Where and when is the truth either important or paramount? I think the first conflict or question that struck me while listening to the retraction was, ” On whom should the true blame lie?” At first I was quite angry at Mike Daisy for the blatant lies. I wondered how he could present his story as a completely factual recollection. He seemed to me to be the quintessential reporter who uses deception and lies to create a story that would give him fame and fortune. Obviously any situation including this one is more complicated than some simple stereotype. So instead of condemning Mike Daisey outright, we must ask who else is to blame. As is stated, Ira Glass knew he should have checked the facts more thoroughly. He partially blames himself for the debacle created. So the question arises who should the blame rest on?
I am disgusted that Mike Daisey could lie to the public without explaining himself or the monologue further. He says he lied, or embellished, to draw sympathy or passion from the reader or listener. He wanted to create awareness and empathy for the factory workers in China. Do his ends justify the means? Would he be ethical under the Utilitarianism school of ethics? I believe its a little early to judge from that point of view. Perhaps if his piece truly led people to better the working conditions overseas, then his actions could be accepted if not condoned. I think perhaps the best standard of ethics would be those of the Deontology school of ethics. He wrote a piece for a journalist site or organization. His duty was to create a journalist piece. He deliberately misrepresented factual evidence which violated journalism standards. This could therefore be deemed an unethical action. However by this standard Ira Glass did not perform his duty in verifying that the monologue was completely accurate, however he tried to atone for this mistake with the retraction, while Mike Daisey seemed to simply explain his actions and say they should have been meant for theater and not journalism. This seems like a cop-out to me.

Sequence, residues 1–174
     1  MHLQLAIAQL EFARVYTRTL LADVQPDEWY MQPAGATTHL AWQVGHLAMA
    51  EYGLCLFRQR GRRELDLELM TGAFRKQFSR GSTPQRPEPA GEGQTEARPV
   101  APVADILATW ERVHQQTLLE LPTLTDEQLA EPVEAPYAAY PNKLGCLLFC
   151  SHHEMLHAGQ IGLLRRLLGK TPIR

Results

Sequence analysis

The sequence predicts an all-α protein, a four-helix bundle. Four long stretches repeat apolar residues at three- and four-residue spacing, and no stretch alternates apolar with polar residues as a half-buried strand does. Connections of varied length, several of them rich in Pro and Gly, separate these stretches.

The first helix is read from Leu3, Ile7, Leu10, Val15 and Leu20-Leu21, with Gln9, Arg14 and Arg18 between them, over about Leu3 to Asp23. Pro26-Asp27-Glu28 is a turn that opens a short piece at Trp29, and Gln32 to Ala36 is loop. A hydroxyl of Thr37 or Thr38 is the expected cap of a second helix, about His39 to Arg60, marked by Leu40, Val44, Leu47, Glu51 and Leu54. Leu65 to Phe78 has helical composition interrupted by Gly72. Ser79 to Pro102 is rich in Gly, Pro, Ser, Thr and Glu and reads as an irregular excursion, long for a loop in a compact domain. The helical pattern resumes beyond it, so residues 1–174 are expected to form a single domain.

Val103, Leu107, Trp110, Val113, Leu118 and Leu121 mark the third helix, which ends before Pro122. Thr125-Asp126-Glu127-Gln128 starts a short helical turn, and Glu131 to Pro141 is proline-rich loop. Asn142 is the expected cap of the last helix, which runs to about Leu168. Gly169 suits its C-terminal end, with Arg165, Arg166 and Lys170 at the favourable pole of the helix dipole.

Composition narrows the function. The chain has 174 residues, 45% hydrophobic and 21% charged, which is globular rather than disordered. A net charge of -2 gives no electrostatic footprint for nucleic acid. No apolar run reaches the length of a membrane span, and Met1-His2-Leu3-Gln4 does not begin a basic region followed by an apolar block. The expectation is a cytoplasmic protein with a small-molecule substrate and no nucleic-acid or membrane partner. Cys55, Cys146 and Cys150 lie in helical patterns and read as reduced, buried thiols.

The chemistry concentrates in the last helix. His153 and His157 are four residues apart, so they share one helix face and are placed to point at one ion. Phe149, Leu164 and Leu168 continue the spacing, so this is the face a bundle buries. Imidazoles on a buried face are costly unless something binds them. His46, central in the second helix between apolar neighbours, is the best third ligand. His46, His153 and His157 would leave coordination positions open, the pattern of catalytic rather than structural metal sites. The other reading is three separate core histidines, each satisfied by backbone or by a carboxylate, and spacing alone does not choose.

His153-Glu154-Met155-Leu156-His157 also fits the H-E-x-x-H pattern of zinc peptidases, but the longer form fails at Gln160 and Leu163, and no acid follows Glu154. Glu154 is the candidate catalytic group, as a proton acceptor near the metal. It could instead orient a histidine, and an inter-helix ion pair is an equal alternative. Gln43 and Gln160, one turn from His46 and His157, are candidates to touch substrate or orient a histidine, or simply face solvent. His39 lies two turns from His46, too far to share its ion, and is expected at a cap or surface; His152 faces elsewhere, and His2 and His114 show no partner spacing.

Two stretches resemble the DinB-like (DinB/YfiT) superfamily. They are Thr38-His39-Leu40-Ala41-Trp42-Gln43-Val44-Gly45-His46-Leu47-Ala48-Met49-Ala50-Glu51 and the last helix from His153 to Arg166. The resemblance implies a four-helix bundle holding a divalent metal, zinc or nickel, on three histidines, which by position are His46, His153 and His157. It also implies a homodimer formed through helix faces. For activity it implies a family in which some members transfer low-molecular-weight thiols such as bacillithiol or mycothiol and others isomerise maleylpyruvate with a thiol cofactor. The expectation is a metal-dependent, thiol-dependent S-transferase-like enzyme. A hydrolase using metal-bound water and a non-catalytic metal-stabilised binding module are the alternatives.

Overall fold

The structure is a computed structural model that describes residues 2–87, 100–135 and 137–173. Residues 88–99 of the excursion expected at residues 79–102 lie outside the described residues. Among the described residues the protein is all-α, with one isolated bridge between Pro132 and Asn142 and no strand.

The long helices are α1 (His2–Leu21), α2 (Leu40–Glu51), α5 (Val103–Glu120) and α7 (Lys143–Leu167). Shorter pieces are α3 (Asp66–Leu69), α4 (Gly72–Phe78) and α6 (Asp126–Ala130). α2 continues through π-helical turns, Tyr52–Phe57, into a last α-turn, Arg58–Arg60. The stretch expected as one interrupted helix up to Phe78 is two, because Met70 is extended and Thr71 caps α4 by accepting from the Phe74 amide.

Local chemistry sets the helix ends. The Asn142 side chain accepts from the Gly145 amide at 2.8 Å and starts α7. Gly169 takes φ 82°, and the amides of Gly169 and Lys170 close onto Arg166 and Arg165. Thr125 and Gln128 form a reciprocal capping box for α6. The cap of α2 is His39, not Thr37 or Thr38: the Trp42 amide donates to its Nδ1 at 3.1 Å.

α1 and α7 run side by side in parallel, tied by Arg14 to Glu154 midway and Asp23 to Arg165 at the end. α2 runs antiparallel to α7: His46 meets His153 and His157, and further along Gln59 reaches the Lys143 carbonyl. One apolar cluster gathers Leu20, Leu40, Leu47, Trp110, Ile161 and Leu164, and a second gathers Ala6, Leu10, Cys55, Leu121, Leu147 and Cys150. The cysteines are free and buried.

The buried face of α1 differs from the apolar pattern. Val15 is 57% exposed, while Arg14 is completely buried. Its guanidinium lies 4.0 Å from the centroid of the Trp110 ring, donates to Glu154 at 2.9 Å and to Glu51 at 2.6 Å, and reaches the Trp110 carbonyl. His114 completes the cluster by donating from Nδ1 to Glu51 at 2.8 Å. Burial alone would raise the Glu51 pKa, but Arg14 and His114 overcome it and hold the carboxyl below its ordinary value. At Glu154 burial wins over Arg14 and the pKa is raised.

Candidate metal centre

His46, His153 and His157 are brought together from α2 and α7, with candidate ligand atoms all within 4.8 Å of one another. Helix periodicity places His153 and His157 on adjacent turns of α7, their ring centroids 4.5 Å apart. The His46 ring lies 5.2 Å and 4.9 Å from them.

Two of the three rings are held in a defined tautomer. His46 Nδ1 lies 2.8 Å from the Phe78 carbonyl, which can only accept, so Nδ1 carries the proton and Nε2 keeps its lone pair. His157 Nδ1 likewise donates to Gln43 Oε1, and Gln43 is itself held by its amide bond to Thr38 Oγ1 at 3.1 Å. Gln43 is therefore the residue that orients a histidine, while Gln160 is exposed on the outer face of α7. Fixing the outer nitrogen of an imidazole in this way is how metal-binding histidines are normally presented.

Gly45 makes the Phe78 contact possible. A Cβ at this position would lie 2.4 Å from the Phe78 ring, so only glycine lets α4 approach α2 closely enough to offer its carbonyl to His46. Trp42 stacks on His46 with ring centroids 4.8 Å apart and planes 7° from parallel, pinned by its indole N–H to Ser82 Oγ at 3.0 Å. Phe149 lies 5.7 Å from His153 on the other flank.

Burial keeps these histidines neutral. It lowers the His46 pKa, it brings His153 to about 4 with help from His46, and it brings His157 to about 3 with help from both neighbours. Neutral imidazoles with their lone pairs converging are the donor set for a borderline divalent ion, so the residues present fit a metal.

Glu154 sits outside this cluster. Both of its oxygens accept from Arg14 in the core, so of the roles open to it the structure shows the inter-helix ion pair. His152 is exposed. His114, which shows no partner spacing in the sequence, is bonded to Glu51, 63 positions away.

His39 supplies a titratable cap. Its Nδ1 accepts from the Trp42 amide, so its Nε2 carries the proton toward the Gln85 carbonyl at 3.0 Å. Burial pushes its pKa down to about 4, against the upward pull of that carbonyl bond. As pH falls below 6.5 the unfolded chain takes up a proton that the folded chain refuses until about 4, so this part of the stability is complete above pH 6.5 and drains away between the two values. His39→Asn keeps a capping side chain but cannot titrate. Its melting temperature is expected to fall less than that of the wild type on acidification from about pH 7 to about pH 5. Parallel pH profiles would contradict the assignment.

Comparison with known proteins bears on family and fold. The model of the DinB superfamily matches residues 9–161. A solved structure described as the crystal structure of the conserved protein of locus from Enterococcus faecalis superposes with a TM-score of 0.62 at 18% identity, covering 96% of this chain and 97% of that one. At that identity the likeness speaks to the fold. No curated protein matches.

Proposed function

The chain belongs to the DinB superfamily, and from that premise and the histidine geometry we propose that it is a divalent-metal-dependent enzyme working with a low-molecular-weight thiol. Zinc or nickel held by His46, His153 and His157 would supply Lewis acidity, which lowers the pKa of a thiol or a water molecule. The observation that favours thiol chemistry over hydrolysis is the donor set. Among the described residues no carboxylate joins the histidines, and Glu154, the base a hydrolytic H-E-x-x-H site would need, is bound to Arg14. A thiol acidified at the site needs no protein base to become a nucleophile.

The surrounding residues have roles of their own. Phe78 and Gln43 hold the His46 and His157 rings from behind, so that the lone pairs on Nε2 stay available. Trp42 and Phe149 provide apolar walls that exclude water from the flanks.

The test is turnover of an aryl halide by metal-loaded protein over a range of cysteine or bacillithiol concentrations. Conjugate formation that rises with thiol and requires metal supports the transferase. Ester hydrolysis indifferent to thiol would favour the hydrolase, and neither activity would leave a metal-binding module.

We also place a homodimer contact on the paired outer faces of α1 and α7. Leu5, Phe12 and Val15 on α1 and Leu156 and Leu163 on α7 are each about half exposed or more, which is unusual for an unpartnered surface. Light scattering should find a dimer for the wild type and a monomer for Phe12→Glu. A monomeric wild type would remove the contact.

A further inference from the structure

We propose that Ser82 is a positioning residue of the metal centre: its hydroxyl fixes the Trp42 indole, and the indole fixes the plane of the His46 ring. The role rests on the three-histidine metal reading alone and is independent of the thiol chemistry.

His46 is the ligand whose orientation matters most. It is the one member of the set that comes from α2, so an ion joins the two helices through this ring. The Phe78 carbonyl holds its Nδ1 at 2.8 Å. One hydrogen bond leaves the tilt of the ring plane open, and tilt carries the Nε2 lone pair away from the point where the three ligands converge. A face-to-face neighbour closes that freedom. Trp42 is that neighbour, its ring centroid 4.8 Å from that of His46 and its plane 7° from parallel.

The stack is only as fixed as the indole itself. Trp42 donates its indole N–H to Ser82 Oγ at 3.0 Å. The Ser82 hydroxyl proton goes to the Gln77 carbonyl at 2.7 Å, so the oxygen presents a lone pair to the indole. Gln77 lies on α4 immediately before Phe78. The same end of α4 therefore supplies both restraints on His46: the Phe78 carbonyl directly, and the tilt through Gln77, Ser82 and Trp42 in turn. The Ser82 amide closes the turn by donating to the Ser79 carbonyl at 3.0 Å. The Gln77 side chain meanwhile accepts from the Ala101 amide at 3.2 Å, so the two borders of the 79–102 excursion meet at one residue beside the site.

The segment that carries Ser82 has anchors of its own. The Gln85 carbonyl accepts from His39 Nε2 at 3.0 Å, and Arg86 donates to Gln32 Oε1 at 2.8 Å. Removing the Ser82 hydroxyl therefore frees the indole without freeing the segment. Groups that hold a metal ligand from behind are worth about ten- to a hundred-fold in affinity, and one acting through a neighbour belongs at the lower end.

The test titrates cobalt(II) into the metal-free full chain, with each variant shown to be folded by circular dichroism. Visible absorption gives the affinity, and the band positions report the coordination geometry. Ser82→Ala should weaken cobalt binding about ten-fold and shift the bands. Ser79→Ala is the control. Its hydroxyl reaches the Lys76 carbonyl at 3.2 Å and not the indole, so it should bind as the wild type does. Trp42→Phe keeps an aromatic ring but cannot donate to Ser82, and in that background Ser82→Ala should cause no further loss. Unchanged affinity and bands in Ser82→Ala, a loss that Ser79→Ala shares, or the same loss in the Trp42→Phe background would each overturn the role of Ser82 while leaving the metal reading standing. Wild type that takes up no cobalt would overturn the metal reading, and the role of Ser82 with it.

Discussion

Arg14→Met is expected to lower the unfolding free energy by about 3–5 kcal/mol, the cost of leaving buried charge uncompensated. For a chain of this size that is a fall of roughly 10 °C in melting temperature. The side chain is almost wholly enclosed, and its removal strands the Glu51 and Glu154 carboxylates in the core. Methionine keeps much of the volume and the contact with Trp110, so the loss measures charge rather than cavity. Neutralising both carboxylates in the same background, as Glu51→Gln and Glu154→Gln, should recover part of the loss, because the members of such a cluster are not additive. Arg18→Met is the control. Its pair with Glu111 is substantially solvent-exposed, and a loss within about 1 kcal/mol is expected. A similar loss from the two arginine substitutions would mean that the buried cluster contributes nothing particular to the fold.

Other than that whole debacle, I think the actual working conditions are obviously not perfect. However I don’t truly know enough to give my own opinion on the how these things could or should change. I would first like to talk to workers myself to learn about their realistic working conditions. There is too much information available on the issue to be able to discern the cold, hard facts. I simply would need to see the conditions myself before I could give my opinion. As to my own feelings about my responsibilities as a consumer. I do not own any Apple products and therefore cannot comment on my feelings as an Apple consumer.